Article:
By Rick Lawrence
Vibrant Faith Executive Director
Not long ago I was meeting with a few veteran ministry leaders to discuss ministry strategy—we were fishing around for common threads in each other’s own stories of transformation. I asked them to talk about the spots along their life’s timeline when real transformation happened.
One said his life changed when he spent a day in a canoe with his church’s worship pastor, fishing on a mountain lake. I asked him to focus on what was actually transformational about that day. He thought for a minute, then said it must have been the slow, unhurried pace of the day. I responded, “You could have had a slow, unhurried day with almost anyone—was it the slowness of the day or the person sitting across from you in the canoe?
“Well, it was that worship pastor, of course,” he said.
“What was it about him that set the stage for transformation in your life?”
There was an uncomfortable silence while he searched for the intangible “right answer.” Finally, a little bewildered, he said, “I guess I don’t know.”
I think most of our transformational moments happen in the context of relationships with people who’ve been transformed by Jesus and are therefore like Jesus. It’s their Christlikeness—Jesus Christ living unfettered through them—that surprises us, challenges us, and opens us to healing.
But, like my teammate, it’s hard to put our finger on exactly why some people move through life leaving a wake of transformation behind them while others don’t. Here’s one possibility:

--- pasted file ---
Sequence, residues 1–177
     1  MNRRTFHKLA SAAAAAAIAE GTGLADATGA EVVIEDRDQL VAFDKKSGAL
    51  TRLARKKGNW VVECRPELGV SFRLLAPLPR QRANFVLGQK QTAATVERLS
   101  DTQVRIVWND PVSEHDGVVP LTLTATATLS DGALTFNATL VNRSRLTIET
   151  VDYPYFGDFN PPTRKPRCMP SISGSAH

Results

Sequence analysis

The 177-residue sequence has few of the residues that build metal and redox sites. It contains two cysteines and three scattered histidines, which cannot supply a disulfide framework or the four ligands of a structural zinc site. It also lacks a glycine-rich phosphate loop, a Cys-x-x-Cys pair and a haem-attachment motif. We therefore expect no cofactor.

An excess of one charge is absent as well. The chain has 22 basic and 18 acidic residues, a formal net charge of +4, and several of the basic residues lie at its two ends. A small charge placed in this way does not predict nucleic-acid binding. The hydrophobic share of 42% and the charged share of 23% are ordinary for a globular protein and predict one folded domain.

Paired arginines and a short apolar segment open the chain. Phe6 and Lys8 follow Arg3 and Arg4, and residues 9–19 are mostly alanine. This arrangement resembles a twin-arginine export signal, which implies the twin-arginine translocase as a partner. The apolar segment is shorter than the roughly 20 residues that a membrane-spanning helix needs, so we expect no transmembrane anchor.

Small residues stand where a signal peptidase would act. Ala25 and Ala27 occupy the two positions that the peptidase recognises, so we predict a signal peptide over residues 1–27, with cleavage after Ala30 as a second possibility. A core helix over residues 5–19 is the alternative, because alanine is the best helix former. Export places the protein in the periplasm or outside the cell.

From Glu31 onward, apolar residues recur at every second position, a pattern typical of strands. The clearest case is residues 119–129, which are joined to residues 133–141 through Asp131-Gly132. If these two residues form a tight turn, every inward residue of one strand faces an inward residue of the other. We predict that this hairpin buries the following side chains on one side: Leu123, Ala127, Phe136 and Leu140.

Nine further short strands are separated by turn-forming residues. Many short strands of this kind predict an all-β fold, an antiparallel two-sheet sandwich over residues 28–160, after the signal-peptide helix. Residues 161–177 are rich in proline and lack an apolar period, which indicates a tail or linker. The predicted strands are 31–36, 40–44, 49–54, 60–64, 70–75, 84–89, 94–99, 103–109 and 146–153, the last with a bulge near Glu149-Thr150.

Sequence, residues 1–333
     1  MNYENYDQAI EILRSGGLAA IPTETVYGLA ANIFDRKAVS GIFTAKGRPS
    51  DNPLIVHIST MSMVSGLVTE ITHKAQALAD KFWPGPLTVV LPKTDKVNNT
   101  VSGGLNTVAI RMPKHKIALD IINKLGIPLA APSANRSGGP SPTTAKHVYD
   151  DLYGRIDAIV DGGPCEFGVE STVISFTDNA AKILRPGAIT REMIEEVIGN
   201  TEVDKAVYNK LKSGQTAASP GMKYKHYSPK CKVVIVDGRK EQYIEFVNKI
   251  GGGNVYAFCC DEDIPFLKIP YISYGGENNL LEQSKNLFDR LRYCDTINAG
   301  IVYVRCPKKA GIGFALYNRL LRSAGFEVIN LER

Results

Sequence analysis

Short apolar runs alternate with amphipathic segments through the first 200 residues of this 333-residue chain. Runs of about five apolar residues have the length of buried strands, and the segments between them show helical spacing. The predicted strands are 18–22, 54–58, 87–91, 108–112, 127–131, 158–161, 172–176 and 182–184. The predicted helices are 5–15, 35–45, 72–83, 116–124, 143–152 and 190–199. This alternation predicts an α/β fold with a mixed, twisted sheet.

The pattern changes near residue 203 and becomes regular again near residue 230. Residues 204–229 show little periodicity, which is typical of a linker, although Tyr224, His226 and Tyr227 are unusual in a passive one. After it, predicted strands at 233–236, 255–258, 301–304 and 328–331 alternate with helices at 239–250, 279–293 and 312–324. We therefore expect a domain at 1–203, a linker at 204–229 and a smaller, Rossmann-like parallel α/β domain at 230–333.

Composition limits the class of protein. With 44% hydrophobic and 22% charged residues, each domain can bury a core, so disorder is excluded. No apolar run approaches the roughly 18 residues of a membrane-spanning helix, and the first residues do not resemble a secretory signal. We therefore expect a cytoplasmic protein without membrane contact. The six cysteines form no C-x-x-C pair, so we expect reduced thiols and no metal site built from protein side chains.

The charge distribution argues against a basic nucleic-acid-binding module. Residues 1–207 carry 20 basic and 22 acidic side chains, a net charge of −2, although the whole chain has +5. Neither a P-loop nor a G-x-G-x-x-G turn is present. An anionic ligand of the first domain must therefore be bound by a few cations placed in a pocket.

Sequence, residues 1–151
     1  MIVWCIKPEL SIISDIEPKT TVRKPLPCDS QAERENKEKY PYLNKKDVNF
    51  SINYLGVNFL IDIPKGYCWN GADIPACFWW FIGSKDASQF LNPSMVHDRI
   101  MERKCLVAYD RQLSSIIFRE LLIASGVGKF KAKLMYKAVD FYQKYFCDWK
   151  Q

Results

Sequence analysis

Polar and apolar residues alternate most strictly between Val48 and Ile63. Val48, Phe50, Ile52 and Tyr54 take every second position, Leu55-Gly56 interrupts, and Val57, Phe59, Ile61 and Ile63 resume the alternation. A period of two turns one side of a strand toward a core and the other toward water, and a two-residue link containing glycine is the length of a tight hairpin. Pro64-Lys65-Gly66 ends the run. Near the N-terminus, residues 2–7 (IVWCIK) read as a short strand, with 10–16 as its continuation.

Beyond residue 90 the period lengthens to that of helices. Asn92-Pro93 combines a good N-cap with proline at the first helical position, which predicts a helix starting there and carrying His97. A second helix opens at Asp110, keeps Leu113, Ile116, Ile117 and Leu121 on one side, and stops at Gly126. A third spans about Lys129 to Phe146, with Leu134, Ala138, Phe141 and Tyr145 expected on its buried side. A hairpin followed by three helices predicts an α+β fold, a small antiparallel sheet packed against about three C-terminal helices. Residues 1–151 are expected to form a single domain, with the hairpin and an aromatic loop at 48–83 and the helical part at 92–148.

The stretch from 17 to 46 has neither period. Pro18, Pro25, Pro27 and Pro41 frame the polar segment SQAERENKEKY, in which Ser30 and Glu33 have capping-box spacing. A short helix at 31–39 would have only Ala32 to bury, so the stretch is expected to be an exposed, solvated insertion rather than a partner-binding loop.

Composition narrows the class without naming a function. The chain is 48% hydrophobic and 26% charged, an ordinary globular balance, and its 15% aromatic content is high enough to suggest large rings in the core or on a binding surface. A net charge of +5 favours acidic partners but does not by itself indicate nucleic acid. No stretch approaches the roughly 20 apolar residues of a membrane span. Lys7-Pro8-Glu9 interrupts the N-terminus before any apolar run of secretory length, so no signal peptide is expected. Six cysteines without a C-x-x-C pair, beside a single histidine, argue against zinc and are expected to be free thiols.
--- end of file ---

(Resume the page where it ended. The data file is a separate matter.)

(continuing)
We’ve become quite skilled at our “tips and techniques” in ministry. But somewhere along the line we’ve forgotten that real impact flows through a transformed life.
St. Francis of Assisi famously said: “Lord, make me an instrument of your peace; where there is hatred, let me sow love; where there is injury, pardon; where there is doubt, faith; where there is despair, hope; where there is darkness, light; and where there is sadness, joy.”
What does it mean to be made into an “instrument” God can work through to transform lives? How do we “sow” the fruits of the Spirit? It starts with wonder—a fundamental response to the heart of Jesus unveiled and freed from the choking weeds of Christian “performance” and “usefulness.” This is exactly the message Jesus was hoping Martha would get when He elevated Mary’s wonder over her usefulness.
Our impact is directly tied to the wonder we feel when we encounter Jesus as He really is, not as the diminished version most of us have grown up learning about.
So find yourself an open day, a canoe, and a mountain lake—or some reasonable facsimile. Invite Jesus to sit across from you. Then have the long, long conversation you’ve been putting off. I think you’ll come away from your day transformed.
Rick Lawrence is Executive Director of Vibrant Faith. He’s the general editor of the Jesus-Centered Bible, and author of 40 books, including The Jesus-Centered Life and the new daily devotional Jesus-Centered Daily.